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Gilts Decline as Stocks’ Advance Saps Demand for Safest Assets

U.K. 10-year government bonds declined, snapping three days of gains, as advancing stock markets across Europe sapped demand for the perceived safety of fixed-income assets.

Two-year gilts also declined for the first time in almost a week as the government auctioned 3.75 billion pounds ($5.5 billion) of 10-year securities, part of 185.2 billion pounds of planned sales this fiscal year to help finance the biggest budget deficit among the Group of Seven nations. The pound rose against the dollar, reversing an earlier decline.

“There is a bit of a reversal of the risk-aversion trade,” said Elisabeth Afseth, an analyst at Evolution Securities Ltd. in London. “The 10-year area underperformed a bit” amid today’s auction, she said.

The 10-year gilt yield climbed five basis points to 3.52 percent as of 4 p.m. in London. The yield dropped to 3.448 percent yesterday, the lowest since October 14. The 4.75 percent security due 2020 fell 0.39, or 3.9 pounds, per 1,000-pound face amount, to 110.08. The two-year note yield was two basis points higher at 0.81 percent.

The extra yield investors demand to hold 10-year gilts instead of the two-year notes widened to 271 basis points, the most since May 27. The spread with 10-year German bunds was at 96 basis points, near the most since May 10, according to closing generic Bloomberg prices.

Bank of England

The pound gained 0.6 percent to $1.4561, rebounding from as low as $1.4347 yesterday, the lowest level since May 26. It was up 0.1 percent at 82.69 pence per euro.

The Bank of England will keep the benchmark interest rate at 0.5 percent when it announces its decision tomorrow, according to all 61 economists polled by Bloomberg. A separate poll predicted that the bank would hold its asset-purchase plan at 200 billion pounds.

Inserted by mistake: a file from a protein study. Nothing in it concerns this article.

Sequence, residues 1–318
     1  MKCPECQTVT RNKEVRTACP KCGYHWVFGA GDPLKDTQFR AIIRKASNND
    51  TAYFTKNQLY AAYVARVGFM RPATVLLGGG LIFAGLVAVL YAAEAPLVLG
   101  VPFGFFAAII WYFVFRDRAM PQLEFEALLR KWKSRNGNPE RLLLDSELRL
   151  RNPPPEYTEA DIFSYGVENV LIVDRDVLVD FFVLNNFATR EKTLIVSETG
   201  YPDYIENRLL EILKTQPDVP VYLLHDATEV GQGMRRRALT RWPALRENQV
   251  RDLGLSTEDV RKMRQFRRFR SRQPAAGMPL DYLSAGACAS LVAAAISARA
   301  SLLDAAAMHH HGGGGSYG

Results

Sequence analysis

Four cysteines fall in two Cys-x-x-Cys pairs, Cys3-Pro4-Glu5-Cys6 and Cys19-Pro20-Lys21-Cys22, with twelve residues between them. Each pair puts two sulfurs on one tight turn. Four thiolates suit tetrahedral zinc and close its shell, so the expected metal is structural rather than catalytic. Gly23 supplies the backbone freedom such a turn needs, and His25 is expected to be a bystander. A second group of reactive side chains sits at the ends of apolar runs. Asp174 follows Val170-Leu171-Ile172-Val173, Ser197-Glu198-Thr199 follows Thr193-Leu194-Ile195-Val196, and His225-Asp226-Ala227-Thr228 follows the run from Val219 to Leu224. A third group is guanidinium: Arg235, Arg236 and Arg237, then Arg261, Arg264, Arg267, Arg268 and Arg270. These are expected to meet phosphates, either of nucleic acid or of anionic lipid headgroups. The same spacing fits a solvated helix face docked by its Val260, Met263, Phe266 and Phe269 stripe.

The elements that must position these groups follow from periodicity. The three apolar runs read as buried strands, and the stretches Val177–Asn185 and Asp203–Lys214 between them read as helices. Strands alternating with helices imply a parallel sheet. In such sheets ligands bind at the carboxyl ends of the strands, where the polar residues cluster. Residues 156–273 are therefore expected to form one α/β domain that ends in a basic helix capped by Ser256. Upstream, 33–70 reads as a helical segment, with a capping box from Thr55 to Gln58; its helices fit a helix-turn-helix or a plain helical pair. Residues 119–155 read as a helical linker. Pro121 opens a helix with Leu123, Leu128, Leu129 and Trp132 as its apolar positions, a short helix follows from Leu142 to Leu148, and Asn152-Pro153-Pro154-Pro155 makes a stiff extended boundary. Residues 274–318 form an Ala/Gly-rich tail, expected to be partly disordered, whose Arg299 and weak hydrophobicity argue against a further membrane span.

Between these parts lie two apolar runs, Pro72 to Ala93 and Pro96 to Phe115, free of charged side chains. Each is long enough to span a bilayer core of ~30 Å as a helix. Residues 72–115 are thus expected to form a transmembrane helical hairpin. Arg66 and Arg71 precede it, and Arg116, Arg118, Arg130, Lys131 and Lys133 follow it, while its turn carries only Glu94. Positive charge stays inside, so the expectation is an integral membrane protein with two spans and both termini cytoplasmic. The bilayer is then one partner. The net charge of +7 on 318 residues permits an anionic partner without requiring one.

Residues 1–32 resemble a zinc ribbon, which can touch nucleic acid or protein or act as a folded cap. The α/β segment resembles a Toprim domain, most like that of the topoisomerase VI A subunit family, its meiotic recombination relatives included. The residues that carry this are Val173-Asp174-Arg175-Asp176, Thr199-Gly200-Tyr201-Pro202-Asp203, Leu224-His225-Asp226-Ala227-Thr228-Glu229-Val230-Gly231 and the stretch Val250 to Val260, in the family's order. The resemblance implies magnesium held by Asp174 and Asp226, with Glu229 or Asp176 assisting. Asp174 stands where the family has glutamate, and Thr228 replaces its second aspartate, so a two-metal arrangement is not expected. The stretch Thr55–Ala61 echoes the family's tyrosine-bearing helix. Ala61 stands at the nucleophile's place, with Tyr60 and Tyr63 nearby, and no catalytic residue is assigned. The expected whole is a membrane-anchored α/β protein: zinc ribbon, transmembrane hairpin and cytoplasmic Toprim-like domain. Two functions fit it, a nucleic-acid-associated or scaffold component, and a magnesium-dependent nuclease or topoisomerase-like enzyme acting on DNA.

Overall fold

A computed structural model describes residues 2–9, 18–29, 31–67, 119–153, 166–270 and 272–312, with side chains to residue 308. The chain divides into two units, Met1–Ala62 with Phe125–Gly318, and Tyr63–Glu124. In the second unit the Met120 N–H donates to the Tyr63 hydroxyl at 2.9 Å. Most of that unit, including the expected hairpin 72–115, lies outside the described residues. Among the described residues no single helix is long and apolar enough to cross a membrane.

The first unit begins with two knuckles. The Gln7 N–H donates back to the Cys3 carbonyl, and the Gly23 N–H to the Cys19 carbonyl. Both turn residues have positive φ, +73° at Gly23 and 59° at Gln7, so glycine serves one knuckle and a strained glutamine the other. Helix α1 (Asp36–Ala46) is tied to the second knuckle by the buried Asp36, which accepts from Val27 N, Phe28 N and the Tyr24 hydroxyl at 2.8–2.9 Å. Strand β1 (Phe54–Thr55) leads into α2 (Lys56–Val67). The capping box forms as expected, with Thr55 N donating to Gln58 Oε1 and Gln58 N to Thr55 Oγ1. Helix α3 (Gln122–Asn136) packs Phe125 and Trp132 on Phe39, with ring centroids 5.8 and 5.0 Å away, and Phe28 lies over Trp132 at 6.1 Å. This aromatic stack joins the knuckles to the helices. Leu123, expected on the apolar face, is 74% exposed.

There was “some cautiousness ahead of the new 10-year gilt auction,” said Nick Stamenkovic, a fixed-income strategist in Edinburgh at RIA Capital Markets Ltd., a broker for banks and investors.

Gilts returned 5.2 percent this year, compared with a 7.3 percent increase for German bonds, according to indexes compiled by Bloomberg and the European Federation of Financial Analysts Societies.

The pound fell earlier as a U.K. index of hiring for permanent jobs released today grew at the slowest pace in four months in May, adding to signs the economic recovery may flounder and strengthening the case for the central bank to keep interest rates at a record low as the government cuts spending.

‘What Lies Ahead’

“Given what lies ahead in fiscal policy, this increases the likelihood of rates of staying lower for longer,” said Kenneth Broux, a senior market economist at Lloyds Banking Group Plc in London.

The employment index from KPMG LLP and the Recruitment and Employment Confederation showed that the number of job candidates fell for the first time in more than two years. The index of full-time placements fell to 61.3 from 63.2 in April, the lowest since January.

Britain’s currency fell this year partly on concern that attempts to cut the budget shortfall, which soared to 11.1 percent of gross domestic product in the year through March, will hinder the U.K.’s recovery after the worst financial crisis since World War II. The U.K. will probably grow 1.2 percent this year, lagging behind a 3.2 percent expansion in the U.S., according to Bloomberg surveys of economists.

Prime Minister David Cameron earlier this week laid the ground for the June 22 emergency budget in which Chancellor of the Exchequer George Osborne will set out the overall reductions needed to tackle the deficit.

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